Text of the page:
When the box came Monday, the mail carrier told me that his whole truck "smelled pretty" now and he couldn't figure out what it was. I told him it was soap - he thought it was potpourri. The scents are incredible! Opening the box, I was struck by the packaging (above) - don't they look perfect? I love the little bags - it's like opening a little present every time I pull out a new soap! Karen had mentioned she was out of the bags and did I want to wait for them to come in or have her ship without them ... I said it didn't matter, whatever was easier for her. She waited because she said they look better and store better in the muslin bags. It was definitely worth an extra day or two of a wait!
I really love these soaps. The bars are huge. The scents are fantastic - not overpowering, but strong enough that they can be smelled and leave my skin smelling great. sometimes cold processed soaps can be hit or miss in the hardness area - a lot of times I will put a soap in the shower and it will be really soft and will disappear after a couple days use, but not these. The bars are nice and hard, they lather fabulously. No crumbling or melting away here! I will definitely be back for more (if the bars I just got every get used up! Maybe the no-melting away thing *isn't* so good ...). The above bar is my favorite so far - froth sea salt: lather-rich, just a little scrubby from the sea salt, smells great. I'm sold!
Want to try Karen's soap too? One of the items I bought was a buy one get one free pumpkin spice soap - so one is up for grabs to one lucky reader! To enter the free drawing, visit Relic Soap Co and post a comment here telling me which soap is your favorite. Additional entries for following my blog, fanning Holden's Landing on facebook, fanning Relic Soap Co on facebook, and/or blogging/tweeting/posting to your facebook page about the giveaway! just leave a separate comment here for each additional entry. Make sure there is a way for me to get in touch with you if you win. Winner will be chosen Thursday, April 1st (no fooling!!)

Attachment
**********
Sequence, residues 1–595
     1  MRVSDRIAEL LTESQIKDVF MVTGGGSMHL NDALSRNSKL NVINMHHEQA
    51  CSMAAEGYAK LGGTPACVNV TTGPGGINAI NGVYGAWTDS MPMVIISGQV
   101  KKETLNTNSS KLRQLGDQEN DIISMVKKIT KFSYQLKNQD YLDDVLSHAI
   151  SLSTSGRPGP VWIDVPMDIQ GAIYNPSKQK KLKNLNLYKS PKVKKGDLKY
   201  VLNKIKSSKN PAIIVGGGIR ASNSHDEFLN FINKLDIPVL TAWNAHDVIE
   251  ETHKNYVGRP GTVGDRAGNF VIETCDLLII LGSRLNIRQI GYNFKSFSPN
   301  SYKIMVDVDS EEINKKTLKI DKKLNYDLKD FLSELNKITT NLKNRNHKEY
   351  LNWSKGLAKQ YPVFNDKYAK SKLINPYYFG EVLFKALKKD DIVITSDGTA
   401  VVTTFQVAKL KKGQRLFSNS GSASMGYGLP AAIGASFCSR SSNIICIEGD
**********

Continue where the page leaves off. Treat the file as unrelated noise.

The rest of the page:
*Contest is now closed! Congratulations to our winner, comment #3 - Sami!
Tuesday, March 23, 2010
Easter Egg Geodes from the "those northern skies" blog have to be the coolest thing I have seen in a long time. We love Easter egg decorating and are always looking for new ways to decorate our eggs, and since Holden and I are huge rock hounds, this could not be more perfect. We just finished growing some crystals on rocks last week - his is going to be a huge hit!
Monday, March 22, 2010
Into your food processor, toss some rolled oats, puffed rice cereal (the kind without sugar, not rice crispies, wheat germ, milled flax seed ... and whatever nuts, seeds, dried fruits you like. In the bars pictured, I used peanuts, dried cranberries, raisins, dried apricots, walnuts and almonds. I just toss in a handful of each. Add some honey and peanut butter and give it a whirl. You want the mixture to stick together without being too dry/crumbly, but you don't want it to be wet either. If it is to dry, add more honey and/or peanut butter until it sticks together. Spread into a greased baking dish. Melt your favorite chocolate and pour it over the top, tilting the dish to cover evenly. Set in the refrigerator (or freezer, if you are like me, and you can't wait to eat them), then cut into bars.